The need for further research was also shown by A Randomised Controlled Trial evaluating the effect of a single spinal manipulation on ANS activity. It found there was no effect on cardiovascular autonomic activity. There was also no relationship between cardiovascular autonomic activity and PPT after the SM. HRV and systolic blood pressure variabilities were used and there has been some contention around the accuracy of this measure. (6) The conclusion: “Further experimental research should consider the use of several markers of autonomic activity and a more comprehensive pain assessment.”
For the time being, what we have is this study which shows sleep, hypoacusis and tinnitus all improving concomitant with chiropractic care. Further research is certainly required to explain and understand the linkages between chiropractic care and the improvement in the patient’s symptomatology. While the need for further research certainly remains — this is another life significantly impacted by the gift of chiropractic care – and that is good news to us indeed.
- Alarcon EM, Postlethwaite R, McIvor C. Resolution of severe hypoacusia and first degree tinnitus concomitant with chiropractic care. A case report. Asia-Pac Chiropr J. 2022;2.5. URL apcj.net/papers-issue-2-5/#Emiliohypoacusia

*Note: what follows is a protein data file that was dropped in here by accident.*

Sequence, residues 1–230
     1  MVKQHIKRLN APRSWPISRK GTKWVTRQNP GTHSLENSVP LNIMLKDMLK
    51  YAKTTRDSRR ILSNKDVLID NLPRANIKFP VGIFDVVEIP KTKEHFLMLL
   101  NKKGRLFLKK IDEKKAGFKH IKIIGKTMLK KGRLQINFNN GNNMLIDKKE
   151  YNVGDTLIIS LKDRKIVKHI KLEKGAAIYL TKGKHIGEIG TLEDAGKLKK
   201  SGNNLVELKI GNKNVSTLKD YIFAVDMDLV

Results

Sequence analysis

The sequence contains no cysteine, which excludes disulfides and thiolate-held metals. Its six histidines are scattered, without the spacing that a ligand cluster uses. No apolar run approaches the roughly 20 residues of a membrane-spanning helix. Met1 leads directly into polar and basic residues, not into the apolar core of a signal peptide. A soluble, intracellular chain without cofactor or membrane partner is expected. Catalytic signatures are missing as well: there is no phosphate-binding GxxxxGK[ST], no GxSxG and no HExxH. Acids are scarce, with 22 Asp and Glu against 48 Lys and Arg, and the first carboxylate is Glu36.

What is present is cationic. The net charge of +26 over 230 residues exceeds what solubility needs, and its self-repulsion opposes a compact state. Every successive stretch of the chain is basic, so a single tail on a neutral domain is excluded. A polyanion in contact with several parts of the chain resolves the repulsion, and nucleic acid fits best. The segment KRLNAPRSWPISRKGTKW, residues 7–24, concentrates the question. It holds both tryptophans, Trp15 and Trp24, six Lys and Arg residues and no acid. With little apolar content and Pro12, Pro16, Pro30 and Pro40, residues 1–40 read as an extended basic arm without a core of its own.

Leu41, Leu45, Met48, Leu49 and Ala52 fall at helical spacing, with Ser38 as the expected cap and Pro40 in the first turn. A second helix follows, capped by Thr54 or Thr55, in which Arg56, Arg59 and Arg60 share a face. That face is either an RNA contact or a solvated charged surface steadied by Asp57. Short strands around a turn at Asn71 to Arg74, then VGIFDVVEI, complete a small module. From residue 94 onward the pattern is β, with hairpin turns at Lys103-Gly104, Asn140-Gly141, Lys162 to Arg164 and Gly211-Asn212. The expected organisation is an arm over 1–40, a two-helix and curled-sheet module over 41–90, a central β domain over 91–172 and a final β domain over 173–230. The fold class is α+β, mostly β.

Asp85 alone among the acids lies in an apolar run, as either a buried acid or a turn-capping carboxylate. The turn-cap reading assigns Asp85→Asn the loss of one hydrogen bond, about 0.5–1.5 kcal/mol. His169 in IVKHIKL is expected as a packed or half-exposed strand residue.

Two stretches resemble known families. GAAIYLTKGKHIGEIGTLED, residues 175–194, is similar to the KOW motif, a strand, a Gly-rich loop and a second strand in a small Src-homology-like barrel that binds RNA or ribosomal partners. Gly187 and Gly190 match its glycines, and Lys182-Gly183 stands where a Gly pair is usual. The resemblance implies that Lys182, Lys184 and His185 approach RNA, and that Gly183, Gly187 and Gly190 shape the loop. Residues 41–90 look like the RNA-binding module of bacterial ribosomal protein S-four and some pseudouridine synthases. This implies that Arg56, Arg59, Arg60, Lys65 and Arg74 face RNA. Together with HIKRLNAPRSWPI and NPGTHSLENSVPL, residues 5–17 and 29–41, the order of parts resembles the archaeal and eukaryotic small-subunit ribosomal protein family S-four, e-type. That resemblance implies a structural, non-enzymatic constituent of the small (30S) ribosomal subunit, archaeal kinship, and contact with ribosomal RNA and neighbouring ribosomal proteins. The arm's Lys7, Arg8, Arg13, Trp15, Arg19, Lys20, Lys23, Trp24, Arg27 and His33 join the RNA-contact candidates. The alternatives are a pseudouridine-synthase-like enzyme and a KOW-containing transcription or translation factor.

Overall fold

- Steinberg B, Postlethwaite R, McIvor C. Decrease in allergies, nocturnal enuresis and sleep problems in a 3-year-old under chiropractic care: A case report. Asia-Pac Chiropr J. 2022;2.5. URL apcj.net/papers-issue-2-5/#SteinbergAllergies
- Leahy A, Postlethwaite R, McIvor C. Improvement in posture, sleep and energy in a 25 year old female under chiropractic care: A case report. Asia-Pac Chiropr J. 2022;2.5. URL apcj.net/papers-issue-2-5/#LeahyPostureSleep
- Amatuzzi F, Gervazoni Balbuena de Lima AC, Da Silva ML, Cipriano GFB, Catai AM, Cahalin LP, et al. Acute and Time-Course Effects of Osteopathic Manipulative Treatment on Vascular and Autonomic Function in Patients With Heart Failure: A Randomized Trial. Journal of Manipulative and Physiological Therapeutics. 2021. 44(6):455–66.
- Araujo FX, Ferreira GE, Angellos RF, Stieven FF, Plentz RDM, Silva MF. Autonomic Effects of Spinal Manipulative Therapy: Systematic Review of Randomized Controlled Trials. Journal of Manipulative and Physiological Therapeutics. 2019. 42(8):623–34.
- Picchiottino M, Honoré M, Leboeuf-Yde C, Gagey O, Cottin F, Hallman DM. The effect of a single spinal manipulation on cardiovascular autonomic activity and the relationship to pressure pain threshold: a randomized, cross-over, sham-controlled trial. Chiropractic & Manual Therapies. 2020. 28(1).